NASA Finds What Could be the Most Distant Galaxy Yet Seen

    September 19, 2012
    Sean Patterson
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NASA today announced that it has snapped a picture of what could be the most distant galaxy ever seen.

Using the Spitzer and Hubble space telescopes, astronomers have captured an image of what could be a young galaxy from when the universe was just 500 million years old. The current age of the universe is calculated to be 13.7 billion years old, making the spotted object close to 13.2 billion years old. This galaxy, called MACS 1149-JD, was one of the first galaxies to form.

“This galaxy is the most distant object we have ever observed with high confidence,” said Wei Zheng, a principal research scientist in the department of physics and astronomy at Johns Hopkins University and lead author of a paper on the galaxy sighting that has been published in the journal Nature. “Future work involving this galaxy, as well as others like it that we hope to find, will allow us to study the universe’s earliest objects and how the dark ages ended.”

In the image above, the galaxy appears red because the light traveling from the galaxy has redshifted, or lengthened in wavelength. Astronomers use this redshift, which is the result of the expansion of the universe, to describe cosmic distances. The light from MACS 1149-JD has traveled 13.2 billion light-years before reaching Earth, and has a redshift of 9.6.

To spot the galaxy, astronomers used what is called gravitational lensing. Since even modern telescopes are not sensitive enough to capture an image of an object so old, the gravity of a massive galaxy cluster situated between the Milky Way and MACS 1149-JD was used to magnify the new galaxy’s light, brightening it by around 15 times.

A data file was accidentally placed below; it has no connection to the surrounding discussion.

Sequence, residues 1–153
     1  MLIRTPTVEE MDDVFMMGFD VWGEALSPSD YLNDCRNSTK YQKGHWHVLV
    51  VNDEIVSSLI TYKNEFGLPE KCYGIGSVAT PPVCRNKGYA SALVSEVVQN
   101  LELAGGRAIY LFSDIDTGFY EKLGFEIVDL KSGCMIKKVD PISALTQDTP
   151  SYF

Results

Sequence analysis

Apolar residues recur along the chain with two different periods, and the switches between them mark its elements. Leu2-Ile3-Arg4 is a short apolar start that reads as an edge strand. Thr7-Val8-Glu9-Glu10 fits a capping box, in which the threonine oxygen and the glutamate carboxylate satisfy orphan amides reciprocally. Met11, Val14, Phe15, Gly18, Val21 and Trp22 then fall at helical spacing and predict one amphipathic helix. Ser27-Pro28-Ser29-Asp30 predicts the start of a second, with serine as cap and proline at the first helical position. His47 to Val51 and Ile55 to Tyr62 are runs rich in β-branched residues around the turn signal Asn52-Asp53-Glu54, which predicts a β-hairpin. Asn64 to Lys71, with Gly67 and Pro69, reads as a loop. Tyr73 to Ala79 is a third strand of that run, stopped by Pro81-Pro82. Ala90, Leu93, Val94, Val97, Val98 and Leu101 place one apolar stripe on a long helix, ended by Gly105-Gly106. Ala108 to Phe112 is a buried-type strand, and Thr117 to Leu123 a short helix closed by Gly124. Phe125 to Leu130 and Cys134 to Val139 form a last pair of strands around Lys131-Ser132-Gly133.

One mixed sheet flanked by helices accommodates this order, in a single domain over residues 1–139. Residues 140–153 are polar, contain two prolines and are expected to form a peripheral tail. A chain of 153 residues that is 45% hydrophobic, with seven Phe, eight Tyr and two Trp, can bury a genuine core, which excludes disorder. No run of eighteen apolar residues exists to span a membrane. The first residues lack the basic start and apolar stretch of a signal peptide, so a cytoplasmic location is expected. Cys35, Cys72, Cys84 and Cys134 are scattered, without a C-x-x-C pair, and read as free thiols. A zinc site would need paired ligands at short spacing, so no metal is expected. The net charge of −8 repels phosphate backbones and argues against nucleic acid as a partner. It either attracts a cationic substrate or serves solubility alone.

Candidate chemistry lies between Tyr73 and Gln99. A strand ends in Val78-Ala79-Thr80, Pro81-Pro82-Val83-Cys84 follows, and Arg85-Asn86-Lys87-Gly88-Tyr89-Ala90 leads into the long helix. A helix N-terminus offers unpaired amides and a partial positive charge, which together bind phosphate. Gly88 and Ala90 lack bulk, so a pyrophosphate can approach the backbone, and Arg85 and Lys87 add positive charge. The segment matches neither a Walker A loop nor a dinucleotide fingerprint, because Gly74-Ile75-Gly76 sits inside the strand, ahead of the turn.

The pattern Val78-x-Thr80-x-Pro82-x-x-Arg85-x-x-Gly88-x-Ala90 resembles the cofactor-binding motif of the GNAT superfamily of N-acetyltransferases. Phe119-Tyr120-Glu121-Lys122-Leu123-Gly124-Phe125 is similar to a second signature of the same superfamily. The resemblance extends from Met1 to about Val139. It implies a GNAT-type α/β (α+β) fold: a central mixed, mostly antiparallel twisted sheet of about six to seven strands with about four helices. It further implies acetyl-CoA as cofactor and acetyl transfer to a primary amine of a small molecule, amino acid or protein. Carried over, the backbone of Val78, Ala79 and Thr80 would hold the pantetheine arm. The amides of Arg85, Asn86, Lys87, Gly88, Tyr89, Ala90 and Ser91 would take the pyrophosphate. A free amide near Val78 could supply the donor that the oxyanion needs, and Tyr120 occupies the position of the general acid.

Astronomers estimate that the galaxy was less than 200 million years old when it was viewed. It is small, with only around 1% of the mass of the Milky Way. This fits with currently accepted cosmological models, which show that early galaxies would have been small, then merged to form more sizable, modern galaxies.

(Image courtesy NASA/STScl/JHU)

  • Naveen

    Did the Big Bang occur at a single point ?

    The light is said to have left this galaxy some 500 million years after the big bang – fine.
    The galaxy therefore must have been no further than 500 million light years from the point of the big bang since it could not have traveled faster than the speed of light (according to the theory of relativity).

    Assuming that the galaxy moved in a direction diametrically opposite to the direction that “we” moved after the big bang, “we” would be 13.2-0.5=12.7 billion light years from the point where Big Bang occurred (assuming that it did indeed occur at a single point).

    Now, since the Big Bang occurred 13.7 billion years ago & happened at a point 12.7 billion light years away, “we” would have to have traveled a minimum of 12.7 billion light years in “our” 13.7 billion year existence.

    “Our” average speed for this “flight” would have to be some 93% of the speed of light !!!!

    So, is it really true that “we” have been traveling at an average speed of 93% of the speed of light since the Big Bang ?
    Or is there some other explanation for this anomaly ?